Jupiter, Fell, Titan & Orion

And once Jenni and I had seen the state of Goliath we knew we couldn’t leave the other kittens we’d heard about at the farm, space or no space. So we set off the week after Goliath arrived and on our first visit picked up the worst of the survivors: Fell, Titan and Orion. All were in a similar state to Goliath and they seemed to respond well to treatment, as he had done. Of all of them Fell seemed not to thrive. He was the most timid and his third eyelid had grown onto his eyeball, probably from an old untreated injury. Although the milkiness of his eyes improved there was only so far they could go. We gave them all names they could grow into. Big names for tiny creatures who must have had great strength to have survived at all.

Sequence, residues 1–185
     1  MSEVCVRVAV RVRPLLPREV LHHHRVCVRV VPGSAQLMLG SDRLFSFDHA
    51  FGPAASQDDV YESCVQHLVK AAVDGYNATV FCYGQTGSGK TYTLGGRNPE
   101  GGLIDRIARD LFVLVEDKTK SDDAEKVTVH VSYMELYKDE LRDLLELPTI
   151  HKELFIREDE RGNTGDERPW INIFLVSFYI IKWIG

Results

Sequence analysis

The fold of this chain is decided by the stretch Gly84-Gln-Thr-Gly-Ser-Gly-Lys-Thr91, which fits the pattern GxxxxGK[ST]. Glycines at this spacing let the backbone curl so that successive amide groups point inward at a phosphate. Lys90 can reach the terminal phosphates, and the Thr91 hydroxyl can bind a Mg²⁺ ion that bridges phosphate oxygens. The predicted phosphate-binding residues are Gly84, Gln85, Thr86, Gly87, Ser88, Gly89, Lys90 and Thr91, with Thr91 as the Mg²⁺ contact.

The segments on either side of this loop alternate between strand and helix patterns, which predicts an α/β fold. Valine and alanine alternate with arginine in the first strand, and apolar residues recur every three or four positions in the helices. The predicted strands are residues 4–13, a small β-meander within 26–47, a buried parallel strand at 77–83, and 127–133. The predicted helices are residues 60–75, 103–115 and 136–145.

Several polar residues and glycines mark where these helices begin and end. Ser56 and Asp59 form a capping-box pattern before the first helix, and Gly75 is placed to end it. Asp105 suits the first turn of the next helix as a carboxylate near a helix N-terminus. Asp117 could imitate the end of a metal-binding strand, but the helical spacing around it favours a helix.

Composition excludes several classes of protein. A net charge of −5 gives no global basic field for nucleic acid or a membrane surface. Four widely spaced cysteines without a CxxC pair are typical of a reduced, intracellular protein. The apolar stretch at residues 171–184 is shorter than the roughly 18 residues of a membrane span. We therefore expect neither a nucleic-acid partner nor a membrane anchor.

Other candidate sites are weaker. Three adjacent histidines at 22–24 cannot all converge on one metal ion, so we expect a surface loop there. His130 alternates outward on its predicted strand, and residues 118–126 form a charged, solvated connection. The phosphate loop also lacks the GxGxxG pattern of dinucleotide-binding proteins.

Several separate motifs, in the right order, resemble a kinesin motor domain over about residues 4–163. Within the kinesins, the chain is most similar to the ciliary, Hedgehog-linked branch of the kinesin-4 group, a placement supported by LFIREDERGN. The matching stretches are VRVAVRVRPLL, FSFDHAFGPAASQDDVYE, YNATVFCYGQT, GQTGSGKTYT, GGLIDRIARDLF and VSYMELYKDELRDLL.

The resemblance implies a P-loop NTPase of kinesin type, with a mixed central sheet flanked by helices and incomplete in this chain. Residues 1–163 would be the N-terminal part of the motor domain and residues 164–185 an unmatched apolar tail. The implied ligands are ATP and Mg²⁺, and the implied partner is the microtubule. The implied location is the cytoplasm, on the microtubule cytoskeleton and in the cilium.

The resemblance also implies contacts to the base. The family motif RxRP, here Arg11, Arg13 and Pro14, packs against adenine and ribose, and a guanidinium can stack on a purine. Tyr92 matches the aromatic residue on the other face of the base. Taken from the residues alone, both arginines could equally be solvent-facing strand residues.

Then another week later we packed our trapping gear and went back to the farm. The first trip we only got 4 adults. One of them was Jupiter, a nine year old female with siamese-like markings. Ashley told us Jupiter had had flu symptoms as long as they’d lived there (several years) and she’d probably had untreated flu for most of her life. When it came time to release the neutered adults we decided to keep hold of Jupiter for a wee while to treat her symptoms, thinking she’d little chance otherwise. Again she was stick thin, rheumy eyed and sneezy/snotty. She seemed feral, hissed and spat and clawed at us when we went near but Jenni persisted and she soon settled. I was amazed at the change – it’s seldom that truly feral cats will tame down but Jupiter had obviously received some kindness in her life and responded to the domestic environment – she’s now as soft as anything, if a bit bossy.

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